Google’s Chairman, Eric Schmidt Visits Nigeria To Discuss Innovation
Google Chairman, Eric Schmidt reportedly paid a short visit to Nigeria over the weekend to discuss how the country could adopt innovation and possibly solve the world’s most challenging problems.
During a courtesy call to the Governor of Lagos State, Babatunde Fashola, the Google chief accompanied by Jared Cohen, Google Ideas Director and Juliet Ehimuan, Country Manager of Google Nigeria, discussed ways that information and communications technology could drive growth in various sectors of the economy.
His visit to the Lagos State governor has raised curiosity over a possible collaboration around infrastructure as the State’s Commissioner for Works and Infrastructure, Dr Obafemi Hamzat and Commissioner for Science and Technology Mr Adebiyi Mabadeje were also in attendance during the visit.
While we’re not sure, it is possible that Google may be looking to partner with the Lagos State government in order to launch its ultra-fast broadband network called Google Fiber, which was first introduced in Kansas City last July, offering a 1 GB fiber network that delivers about 100 times faster than most residential broadband connections in the U.S.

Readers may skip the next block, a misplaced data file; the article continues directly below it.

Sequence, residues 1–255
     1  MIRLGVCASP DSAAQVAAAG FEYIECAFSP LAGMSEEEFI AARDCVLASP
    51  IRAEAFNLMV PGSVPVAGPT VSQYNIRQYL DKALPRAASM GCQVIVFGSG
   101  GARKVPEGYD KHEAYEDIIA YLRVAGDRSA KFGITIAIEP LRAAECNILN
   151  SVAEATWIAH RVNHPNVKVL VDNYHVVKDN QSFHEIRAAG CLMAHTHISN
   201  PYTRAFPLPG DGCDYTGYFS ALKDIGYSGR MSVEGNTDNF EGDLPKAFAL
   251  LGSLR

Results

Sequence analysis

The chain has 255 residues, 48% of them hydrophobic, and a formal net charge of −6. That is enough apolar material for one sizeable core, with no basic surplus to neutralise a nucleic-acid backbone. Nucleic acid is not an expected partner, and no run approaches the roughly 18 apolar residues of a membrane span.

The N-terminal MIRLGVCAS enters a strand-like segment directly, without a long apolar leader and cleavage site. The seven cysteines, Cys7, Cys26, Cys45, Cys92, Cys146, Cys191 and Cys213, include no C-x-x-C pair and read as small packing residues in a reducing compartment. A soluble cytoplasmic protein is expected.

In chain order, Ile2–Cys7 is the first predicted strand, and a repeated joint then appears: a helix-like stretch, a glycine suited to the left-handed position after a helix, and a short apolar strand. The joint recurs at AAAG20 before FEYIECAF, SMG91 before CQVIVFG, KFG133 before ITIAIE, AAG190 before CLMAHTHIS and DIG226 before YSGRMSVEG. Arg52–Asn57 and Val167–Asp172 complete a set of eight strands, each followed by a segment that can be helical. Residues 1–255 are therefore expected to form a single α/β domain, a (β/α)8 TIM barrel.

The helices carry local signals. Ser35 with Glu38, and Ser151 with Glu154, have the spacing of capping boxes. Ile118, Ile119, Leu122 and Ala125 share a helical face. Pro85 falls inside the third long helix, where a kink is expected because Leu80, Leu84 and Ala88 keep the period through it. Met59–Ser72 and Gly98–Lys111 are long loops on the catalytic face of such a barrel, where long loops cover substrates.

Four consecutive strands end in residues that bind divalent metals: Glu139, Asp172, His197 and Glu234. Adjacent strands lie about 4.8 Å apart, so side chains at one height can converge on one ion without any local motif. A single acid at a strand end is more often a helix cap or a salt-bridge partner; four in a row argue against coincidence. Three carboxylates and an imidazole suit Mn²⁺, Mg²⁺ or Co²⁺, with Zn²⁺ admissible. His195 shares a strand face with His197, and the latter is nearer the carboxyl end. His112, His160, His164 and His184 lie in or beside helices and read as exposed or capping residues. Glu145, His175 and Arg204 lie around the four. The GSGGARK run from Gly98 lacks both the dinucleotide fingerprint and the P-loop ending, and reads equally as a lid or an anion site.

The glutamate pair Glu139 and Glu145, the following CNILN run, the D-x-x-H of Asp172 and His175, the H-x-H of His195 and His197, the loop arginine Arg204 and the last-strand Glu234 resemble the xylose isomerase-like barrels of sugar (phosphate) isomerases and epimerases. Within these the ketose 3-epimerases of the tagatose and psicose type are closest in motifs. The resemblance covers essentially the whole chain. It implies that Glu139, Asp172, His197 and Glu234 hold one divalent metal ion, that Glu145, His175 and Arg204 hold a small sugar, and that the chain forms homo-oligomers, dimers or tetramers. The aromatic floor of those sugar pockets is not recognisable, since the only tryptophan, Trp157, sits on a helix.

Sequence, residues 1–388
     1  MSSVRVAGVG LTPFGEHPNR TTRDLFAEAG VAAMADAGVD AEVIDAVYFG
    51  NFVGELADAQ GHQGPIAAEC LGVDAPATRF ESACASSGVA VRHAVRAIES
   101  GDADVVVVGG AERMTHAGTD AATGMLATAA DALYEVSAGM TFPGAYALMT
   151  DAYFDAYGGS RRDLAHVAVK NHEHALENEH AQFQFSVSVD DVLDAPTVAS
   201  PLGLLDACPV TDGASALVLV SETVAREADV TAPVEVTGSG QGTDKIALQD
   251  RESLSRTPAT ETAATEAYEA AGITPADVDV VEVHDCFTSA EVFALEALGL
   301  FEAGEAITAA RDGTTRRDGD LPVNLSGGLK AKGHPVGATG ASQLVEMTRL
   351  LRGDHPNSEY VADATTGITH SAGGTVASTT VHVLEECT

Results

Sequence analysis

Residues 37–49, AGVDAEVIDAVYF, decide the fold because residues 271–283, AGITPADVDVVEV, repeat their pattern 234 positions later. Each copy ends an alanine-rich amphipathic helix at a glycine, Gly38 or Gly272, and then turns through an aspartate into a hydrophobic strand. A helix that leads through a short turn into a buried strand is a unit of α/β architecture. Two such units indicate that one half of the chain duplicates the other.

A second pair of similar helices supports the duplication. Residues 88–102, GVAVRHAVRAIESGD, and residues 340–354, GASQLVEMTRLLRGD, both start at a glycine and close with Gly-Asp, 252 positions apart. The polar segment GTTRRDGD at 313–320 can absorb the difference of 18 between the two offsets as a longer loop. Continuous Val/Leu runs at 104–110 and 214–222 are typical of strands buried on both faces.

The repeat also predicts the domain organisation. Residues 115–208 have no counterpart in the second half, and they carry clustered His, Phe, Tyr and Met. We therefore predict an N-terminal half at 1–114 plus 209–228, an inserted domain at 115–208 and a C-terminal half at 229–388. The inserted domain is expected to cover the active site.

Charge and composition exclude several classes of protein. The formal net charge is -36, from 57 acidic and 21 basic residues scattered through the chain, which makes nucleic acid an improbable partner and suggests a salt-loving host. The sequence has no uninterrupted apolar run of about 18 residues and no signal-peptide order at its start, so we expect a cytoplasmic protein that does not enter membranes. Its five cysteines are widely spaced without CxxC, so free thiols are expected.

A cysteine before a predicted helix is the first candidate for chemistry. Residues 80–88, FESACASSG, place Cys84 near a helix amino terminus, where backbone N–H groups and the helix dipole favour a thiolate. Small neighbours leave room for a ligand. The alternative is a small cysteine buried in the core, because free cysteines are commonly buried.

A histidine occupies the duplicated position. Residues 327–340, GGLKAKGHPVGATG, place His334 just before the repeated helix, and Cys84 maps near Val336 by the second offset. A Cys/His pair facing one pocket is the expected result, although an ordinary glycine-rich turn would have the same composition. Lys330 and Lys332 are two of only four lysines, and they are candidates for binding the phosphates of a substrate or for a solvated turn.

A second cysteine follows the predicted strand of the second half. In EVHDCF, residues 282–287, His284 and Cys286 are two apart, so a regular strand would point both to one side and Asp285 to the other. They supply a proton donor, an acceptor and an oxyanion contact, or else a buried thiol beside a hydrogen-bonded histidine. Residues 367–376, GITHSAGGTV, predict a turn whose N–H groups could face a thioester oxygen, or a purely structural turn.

Following on the efforts of Main One Cable, Glo 1, SAT3 and WASC which provide broadband services to operators, there’s no doubt that Nigeria needs more infrastructure to drive its broadband growth, and most importantly, broadband that could be available directly to residential homes, schools and organisations.
Google had earlier been linked to a partnership with Phase3 Telecom, Nigeria’s only aerial fibre optic company to build broadband network access point across Nigeria, an initiative aimed at providing easier and cheaper broadband access via Phase 3′s 10,000 points of presence spread across the country.
Since Schmidt’s visit to Nigeria was primarily to discuss how ICT could drive the country’s economy, it is likely that there were talks about building more infrastructure to drive the country’s broadband growth in the years to come.
Image via: CP-Africa